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A letter from Mitsu Suzuki

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This is a letter that was sent from Suzuki Roshi's widow, Mitsu Suzuki Sensei to Kazuaki Tanahashi (who everyone calls Kaz). - DC

July 6, 2001


Dear Tanahashi Sensei,

How are you? Perhaps I haven’t written to you so far this year.

Mr. Asaoka, an old student of Hojo’s, translated Crooked Cucumber for me. Then he recently translated the Preface and Acknowledgements of Temple Dusk and sent it to me. I guess he did so because I had written to him and said, "I haven’t read this book yet, as I can’t read English." I would like to show it to my family members and some of my friends. They had asked me to get someone to translate it but I hadn’t found a suitable person. And ten years has passed.

You created Temple Dusk in celebration of my seventy-seven birthday.* This year we have been informally celebrating my eighty-eighth birthday. A family gathering will take place when Otohiro and his family visit. Recently the "Cousins’ Group" (of three generations) held a special celebration for me.

On my birthday in April this year I invited twelve teachers who taught with me at the kindergarten until I left for the United States. We had lunch at a hotel in Yaizu, formerly owned by a close friend of Hojo’s. My daughter and Hojo’s daughter attended. It was an enjoyable meeting.

When Hojo died at age sixty-seven I was completely exhausted in body and mind. I felt that I wouldn’t be able to live to his age. I was fifty-seven. But I put my focus on attending to my health and I became better. I have become accustomed to water of my hometown after living for eight years. I have gained strength to get through heat and cold and I am fairly well. But aging makes the evening different from the morning. It occurred to me while I was in bed this morning that, at this age, day be day I feel life with skin.

The notebook for the haiku of my own selection, which became the basis for Temple Dusk, still continues. I had a sense this morning that when this notebook is completed, my life may be also come to conclusion. I would like to express my appreciation for all your help.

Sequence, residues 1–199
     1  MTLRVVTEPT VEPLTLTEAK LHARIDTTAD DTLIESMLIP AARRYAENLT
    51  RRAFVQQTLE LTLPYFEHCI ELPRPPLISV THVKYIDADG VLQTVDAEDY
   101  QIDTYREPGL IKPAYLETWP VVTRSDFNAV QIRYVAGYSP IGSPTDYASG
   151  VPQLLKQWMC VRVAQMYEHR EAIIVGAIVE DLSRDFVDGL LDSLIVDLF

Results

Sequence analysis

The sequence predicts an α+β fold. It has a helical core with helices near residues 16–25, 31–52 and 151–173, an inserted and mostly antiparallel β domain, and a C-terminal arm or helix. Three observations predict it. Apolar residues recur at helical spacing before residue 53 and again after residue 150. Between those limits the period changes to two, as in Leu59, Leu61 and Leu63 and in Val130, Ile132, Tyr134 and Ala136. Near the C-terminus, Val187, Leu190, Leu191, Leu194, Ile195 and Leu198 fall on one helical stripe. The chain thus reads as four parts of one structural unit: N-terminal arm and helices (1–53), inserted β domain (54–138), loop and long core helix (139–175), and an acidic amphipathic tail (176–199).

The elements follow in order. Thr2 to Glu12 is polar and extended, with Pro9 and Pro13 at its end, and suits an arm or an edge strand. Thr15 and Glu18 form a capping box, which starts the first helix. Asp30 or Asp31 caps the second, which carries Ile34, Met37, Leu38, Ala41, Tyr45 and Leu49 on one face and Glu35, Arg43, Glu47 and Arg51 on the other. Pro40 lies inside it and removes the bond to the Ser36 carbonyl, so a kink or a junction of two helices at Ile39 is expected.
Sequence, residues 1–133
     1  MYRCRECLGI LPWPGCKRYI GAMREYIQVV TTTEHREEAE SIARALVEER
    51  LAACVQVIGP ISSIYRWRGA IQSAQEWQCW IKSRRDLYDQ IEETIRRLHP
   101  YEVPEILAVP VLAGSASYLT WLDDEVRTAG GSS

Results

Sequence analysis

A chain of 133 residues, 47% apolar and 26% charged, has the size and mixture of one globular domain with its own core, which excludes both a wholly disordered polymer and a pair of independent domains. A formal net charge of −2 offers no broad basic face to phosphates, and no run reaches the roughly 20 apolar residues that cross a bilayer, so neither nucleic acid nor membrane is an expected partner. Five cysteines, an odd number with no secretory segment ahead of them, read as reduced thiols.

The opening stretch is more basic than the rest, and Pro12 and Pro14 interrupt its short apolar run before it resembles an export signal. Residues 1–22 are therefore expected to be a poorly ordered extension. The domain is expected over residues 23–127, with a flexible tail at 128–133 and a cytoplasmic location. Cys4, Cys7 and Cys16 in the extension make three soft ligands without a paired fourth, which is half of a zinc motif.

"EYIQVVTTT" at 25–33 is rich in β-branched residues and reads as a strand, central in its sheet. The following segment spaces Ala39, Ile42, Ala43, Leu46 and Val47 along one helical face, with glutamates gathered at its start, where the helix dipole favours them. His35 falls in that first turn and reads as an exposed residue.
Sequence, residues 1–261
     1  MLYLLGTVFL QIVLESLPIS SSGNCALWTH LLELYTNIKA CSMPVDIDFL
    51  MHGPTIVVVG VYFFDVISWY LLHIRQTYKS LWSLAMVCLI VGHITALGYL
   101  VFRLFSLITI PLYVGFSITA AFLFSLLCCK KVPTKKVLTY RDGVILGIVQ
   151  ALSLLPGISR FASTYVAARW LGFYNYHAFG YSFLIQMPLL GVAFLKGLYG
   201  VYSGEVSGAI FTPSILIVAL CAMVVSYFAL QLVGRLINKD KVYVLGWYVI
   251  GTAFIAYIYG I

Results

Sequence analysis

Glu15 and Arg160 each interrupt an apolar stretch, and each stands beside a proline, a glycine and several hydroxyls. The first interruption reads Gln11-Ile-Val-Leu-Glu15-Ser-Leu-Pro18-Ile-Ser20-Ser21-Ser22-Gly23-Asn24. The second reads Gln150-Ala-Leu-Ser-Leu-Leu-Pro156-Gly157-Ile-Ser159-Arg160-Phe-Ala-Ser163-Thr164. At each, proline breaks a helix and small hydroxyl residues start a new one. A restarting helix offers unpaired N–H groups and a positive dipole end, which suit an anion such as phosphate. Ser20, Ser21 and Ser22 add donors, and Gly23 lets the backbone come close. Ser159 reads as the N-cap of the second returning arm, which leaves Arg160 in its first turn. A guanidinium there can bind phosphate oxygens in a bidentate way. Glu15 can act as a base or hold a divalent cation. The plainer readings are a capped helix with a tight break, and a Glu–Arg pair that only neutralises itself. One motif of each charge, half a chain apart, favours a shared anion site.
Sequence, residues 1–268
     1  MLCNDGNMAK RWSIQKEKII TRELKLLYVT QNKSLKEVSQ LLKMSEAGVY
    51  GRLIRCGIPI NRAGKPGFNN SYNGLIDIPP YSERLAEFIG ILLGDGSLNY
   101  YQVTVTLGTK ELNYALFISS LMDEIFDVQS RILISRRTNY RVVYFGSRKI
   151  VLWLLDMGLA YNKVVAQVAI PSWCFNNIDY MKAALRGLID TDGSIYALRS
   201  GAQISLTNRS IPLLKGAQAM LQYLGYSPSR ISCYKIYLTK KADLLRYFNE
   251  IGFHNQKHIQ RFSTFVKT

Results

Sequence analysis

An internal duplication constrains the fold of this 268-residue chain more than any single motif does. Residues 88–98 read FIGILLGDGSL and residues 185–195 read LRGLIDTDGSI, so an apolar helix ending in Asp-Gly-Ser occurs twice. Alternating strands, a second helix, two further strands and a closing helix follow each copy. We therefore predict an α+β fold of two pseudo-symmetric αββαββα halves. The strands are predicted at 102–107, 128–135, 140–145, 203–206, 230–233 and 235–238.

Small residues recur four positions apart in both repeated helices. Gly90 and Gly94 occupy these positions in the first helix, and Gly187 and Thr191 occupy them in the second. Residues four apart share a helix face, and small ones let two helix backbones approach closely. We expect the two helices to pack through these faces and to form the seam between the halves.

In spring this year a group of people were practicing at Rinso-in with Blanche and Robby for a while. So I went to see them about four times.

Baker-san gave me a call some time ago and told me that he had a new baby. He also said he was hoping to visit Japan before long.

When I see news report from the United States, many people’s faces come to my heart--Yvonne, Baker, Della, Jean Ross, Betty, Connie, Bob, Silas... They loved Hojo, helped him, and practiced with him. How precious! Again I bow in gassho to David.

I renew my gratitude filled in my heart to those who took care of me so well at Zen Center so I could live there joyfully. You are the only person to whom I can express this feeling in Japanese. I would like to tell you this so it might be shared with others.

Baker-san, Della-san, Blanche-san, Mike-san, Tenshin-san, Mel-san--Whenever I see them, my feeling does not change from years ago. I treasure my respect and gratitude. This is possible because there is not a bit of feeling that is not pure with each other.

When you have a chance to contact Chino-sensei, please tell him that he is a roshi I truly admire. He was very warm and kind to me.

Cicadas flying over the stream in Tassajara, small fish swimming under the shade of green leaves, mosquitoes, dewdrops on the path are still in my eyes. I wonder what kind of flowers are in bloom and whether lamps are lit in darkness under the large trees now.

I hope Dan, who put me up overnight on our way to Colorado, is well.

An old person lives recalling enjoyable memories. I still practice Qigong, Nakano-sensei taught me, facing Mt. Fuji everyday. Please send my love to everyone at Zen Center. Take care of yourself.



Translated by Paul Rosenblum and Kazuaki Tanahashi

Note: Suzuki Sensei counts ages in the traditional Japanese way [so she's 87 - DC].

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